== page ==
MS Means...Living and Laughing with Multiple Sclerosis

One Woman's Odyssey about Coping with Chronic Illness


I make a special dedication to my mother, Francine Marshall, who was one of the most inspiring and strong women I ever knew. She gave me and taught me unconditional love and acceptance.

My mother passed away very suddenly and unexpectedly near the end of 1998, due to complications of Multiple Sclerosis (what some know as a “Sudden Onset Hypertensive Episode”, which killed her instantly). The sudden and traumatic manner of her death threw me and my family into a tailspin. But her death was a strange kind of gift in the end – a spiritual gift of personal discovery and growth. Mom was such a tower of strength to everyone who knew her – but most especially to me. Her battle against the MS that attacked her body was a prime example of that strength, and her drive and determination. Mom’s example of strength and determination kept me going many a time when it may have otherwise been a whole lot easier to just be complacent and go with the flow.

Mom encouraged me daily, from a very young age, to reach for my dreams, no matter how far-fetched society may have deemed them. When I dreamed of being an astronaut, and delved into physics and astrophysics, Mom was my biggest supporter and advocate – relishing the fact that I was going against the “norm” and “conquering” what was, at the time, considered a “man’s field”. When I received my M. Sc. in Astrophysics, Mom jumped for joy. When I immediately landed my dream career as a meteorologist and began moving around Canada in that capacity, Mom glowed with pride, giggling like a school-girl when she would hear my voice on the radio telling the public what the weather would be like for the day.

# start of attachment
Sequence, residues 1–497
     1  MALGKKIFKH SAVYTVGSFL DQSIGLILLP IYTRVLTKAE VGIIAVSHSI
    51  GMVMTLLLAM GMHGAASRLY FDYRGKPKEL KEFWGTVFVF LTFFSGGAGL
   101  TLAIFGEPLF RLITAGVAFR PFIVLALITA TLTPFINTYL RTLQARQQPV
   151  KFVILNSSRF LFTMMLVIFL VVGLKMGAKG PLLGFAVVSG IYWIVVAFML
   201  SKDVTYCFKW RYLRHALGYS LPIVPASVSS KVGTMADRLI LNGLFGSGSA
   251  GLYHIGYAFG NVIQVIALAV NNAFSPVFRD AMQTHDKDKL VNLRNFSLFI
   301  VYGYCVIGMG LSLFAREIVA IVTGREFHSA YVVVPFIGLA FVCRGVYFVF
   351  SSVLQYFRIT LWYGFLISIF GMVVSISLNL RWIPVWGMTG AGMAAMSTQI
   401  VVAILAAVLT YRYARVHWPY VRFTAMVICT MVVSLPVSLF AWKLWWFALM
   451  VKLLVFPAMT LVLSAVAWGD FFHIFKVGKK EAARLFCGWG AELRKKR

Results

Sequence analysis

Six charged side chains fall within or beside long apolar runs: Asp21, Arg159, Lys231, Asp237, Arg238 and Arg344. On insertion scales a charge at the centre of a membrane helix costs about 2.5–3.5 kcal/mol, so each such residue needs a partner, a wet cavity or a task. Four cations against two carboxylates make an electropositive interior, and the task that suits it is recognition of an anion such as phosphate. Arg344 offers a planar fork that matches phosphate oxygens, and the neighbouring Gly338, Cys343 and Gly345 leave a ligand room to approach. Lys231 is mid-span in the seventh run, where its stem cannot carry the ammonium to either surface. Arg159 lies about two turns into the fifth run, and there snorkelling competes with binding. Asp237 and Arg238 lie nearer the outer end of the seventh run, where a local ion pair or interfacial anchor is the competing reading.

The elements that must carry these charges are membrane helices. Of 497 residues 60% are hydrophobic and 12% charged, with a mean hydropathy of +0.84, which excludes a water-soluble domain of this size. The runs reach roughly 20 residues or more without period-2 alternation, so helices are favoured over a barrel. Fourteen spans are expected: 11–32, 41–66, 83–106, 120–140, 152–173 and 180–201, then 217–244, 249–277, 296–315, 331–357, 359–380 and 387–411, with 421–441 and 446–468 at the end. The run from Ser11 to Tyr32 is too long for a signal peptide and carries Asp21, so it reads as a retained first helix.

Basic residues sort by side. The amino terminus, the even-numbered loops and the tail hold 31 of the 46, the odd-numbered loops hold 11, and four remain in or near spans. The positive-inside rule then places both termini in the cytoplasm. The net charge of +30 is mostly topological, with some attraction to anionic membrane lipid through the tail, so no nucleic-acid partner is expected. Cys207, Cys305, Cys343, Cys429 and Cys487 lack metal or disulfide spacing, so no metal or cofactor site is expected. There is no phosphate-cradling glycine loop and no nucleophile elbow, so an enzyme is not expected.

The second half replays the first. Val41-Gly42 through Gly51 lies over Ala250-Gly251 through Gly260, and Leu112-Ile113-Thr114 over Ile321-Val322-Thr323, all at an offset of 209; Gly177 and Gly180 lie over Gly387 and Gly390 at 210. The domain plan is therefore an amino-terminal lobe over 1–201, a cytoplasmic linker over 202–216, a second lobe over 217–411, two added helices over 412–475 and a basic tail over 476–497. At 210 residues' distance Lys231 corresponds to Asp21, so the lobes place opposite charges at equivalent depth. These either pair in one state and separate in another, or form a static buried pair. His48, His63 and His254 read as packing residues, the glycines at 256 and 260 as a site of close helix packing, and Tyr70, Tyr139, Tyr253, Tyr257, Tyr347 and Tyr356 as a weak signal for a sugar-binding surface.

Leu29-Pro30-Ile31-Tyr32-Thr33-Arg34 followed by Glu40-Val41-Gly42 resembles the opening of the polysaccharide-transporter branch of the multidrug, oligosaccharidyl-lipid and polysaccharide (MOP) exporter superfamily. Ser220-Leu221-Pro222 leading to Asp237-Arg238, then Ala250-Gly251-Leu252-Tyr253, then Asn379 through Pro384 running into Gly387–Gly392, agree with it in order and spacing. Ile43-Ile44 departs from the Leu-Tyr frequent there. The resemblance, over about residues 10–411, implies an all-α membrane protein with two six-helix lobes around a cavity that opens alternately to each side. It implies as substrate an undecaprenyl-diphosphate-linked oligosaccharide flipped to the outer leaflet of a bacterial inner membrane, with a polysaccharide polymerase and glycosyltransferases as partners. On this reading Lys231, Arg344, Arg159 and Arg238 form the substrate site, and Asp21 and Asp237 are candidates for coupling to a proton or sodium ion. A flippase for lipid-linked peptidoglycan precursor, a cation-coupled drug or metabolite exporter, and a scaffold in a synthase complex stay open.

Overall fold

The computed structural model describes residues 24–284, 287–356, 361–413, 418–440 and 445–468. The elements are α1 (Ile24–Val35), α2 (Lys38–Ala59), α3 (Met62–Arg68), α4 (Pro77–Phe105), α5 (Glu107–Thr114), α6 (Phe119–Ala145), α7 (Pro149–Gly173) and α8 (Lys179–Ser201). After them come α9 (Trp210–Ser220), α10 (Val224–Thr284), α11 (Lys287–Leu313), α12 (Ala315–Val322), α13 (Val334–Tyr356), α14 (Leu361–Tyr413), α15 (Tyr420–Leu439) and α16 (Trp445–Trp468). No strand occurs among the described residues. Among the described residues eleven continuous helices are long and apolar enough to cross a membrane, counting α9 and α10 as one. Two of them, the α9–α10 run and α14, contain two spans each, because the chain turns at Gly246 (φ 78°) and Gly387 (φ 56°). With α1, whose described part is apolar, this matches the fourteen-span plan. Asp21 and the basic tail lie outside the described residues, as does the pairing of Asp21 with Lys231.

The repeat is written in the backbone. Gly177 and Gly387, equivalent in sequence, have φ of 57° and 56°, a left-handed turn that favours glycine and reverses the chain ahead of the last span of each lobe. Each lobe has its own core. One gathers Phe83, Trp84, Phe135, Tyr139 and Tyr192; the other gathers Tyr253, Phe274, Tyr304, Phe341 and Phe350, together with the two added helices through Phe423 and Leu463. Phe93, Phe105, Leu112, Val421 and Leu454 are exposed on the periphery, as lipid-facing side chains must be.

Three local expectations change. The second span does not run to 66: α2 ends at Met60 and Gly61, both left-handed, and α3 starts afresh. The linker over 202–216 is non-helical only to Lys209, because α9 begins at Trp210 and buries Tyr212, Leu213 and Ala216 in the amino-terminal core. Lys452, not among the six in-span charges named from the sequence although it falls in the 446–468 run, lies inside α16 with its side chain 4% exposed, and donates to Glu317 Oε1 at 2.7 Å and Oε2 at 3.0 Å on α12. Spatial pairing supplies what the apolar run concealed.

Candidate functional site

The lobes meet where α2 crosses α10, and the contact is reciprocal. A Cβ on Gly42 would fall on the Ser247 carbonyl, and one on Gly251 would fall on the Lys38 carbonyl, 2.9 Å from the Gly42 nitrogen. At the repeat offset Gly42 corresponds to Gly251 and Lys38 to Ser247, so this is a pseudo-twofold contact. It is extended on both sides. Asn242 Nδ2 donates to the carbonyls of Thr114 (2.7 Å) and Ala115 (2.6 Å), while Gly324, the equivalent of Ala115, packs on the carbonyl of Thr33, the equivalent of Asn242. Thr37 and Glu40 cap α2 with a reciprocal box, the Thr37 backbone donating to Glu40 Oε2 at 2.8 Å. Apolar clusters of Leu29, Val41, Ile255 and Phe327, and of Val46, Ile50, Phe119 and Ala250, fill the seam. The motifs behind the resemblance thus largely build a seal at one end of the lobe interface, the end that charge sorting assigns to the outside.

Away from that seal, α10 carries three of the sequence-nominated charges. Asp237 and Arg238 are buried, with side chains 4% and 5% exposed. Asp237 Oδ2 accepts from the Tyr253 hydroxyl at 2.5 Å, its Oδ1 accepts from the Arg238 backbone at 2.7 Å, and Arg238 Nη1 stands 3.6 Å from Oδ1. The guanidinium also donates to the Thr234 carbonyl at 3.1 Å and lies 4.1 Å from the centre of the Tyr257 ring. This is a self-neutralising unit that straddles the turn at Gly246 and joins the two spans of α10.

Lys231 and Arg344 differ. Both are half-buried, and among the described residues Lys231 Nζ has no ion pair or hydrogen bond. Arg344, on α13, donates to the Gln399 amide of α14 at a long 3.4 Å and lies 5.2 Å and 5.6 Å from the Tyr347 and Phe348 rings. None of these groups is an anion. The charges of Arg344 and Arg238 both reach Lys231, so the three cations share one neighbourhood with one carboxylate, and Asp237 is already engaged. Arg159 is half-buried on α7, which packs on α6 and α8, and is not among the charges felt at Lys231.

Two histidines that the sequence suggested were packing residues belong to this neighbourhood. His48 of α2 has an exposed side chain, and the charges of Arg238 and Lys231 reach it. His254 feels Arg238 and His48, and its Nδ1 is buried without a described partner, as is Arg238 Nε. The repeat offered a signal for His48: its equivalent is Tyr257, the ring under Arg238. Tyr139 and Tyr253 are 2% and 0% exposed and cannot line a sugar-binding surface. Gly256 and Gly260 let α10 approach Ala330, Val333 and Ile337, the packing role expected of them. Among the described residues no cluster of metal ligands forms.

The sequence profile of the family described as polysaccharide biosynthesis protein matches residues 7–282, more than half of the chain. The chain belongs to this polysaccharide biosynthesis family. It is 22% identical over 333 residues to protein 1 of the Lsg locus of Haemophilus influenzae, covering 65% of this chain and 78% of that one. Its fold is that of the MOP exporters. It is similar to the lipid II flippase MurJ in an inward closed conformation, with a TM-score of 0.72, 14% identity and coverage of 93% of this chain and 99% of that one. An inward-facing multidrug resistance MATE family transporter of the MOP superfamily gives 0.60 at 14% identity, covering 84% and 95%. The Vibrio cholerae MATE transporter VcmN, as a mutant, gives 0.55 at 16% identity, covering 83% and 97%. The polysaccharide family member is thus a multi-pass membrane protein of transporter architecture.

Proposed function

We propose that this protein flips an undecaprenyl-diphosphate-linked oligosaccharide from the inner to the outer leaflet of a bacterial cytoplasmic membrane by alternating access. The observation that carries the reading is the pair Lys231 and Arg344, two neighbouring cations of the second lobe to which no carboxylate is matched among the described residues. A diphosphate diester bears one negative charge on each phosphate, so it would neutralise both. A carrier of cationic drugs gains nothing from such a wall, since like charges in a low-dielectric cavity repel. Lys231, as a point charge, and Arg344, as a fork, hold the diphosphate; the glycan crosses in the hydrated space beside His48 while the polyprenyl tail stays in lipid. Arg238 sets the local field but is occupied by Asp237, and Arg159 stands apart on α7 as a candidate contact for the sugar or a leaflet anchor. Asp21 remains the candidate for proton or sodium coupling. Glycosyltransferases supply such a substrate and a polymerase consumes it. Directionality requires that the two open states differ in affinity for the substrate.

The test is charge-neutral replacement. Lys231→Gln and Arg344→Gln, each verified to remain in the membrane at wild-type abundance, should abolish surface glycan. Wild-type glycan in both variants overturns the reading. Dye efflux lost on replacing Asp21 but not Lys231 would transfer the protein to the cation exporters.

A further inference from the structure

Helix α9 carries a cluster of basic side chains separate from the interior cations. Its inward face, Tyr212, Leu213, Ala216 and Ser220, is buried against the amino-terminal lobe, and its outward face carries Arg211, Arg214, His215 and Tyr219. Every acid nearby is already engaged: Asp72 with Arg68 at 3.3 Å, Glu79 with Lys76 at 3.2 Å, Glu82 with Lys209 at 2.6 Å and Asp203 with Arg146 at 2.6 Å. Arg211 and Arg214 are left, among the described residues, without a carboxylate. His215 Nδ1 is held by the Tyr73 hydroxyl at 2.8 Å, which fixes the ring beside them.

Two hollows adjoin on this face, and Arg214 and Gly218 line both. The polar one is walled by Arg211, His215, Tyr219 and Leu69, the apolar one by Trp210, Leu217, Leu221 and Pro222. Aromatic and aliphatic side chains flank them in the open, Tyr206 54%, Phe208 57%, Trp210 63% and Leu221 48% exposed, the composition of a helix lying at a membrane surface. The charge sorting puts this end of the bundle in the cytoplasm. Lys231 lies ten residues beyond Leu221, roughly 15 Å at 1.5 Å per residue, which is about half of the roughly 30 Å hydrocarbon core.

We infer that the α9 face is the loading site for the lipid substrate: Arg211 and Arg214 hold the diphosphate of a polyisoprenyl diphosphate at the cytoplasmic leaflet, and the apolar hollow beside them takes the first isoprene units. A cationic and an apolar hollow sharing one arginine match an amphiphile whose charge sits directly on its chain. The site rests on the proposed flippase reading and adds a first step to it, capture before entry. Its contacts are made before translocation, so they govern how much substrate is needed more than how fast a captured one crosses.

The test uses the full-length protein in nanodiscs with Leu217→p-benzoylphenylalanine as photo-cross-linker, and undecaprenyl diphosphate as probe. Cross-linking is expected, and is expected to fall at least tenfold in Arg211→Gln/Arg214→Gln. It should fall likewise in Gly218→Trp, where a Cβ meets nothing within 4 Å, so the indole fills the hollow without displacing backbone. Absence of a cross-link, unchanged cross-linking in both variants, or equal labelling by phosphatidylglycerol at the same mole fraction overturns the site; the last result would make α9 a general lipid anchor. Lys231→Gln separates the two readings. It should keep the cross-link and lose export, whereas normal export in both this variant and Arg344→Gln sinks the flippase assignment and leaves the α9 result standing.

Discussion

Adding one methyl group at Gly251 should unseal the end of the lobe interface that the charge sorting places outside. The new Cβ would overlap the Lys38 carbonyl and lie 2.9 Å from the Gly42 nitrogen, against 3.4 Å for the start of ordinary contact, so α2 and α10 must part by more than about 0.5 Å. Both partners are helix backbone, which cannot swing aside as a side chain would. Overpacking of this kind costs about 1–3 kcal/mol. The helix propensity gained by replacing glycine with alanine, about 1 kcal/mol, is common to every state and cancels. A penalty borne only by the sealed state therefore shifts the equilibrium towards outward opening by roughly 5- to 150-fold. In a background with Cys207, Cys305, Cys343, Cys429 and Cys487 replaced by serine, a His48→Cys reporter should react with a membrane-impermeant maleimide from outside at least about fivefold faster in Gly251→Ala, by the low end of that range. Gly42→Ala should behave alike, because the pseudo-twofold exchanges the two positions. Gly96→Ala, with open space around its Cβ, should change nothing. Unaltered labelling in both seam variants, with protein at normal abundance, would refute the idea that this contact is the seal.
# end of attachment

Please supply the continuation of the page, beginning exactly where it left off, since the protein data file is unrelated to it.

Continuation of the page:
Mom was a very spiritual woman – believing and teaching through her strength and acceptance that each of us has our own inner light. She believed very strongly in every person’s right to be whoever and whatever they wanted to be in life, and to make mistakes along the way as they struggled to become that person. She did not judge nor condemn. Mom always inspired me to be the best that I could be – and she always will.

Mom passed away before we had any idea that I would ever be diagnosed with multiple sclerosis myself. But… because of the lessons Mom taught me, not only throughout life, but in her own struggles with her MS, I have the faith, drive, and courage to face my own struggles with MS and not see myself as a victim, but as a whole and strong person who just happens to have a chronic disease. Mom taught me to deal with MS with Attitude!

Thanks, Mom – you are missed.

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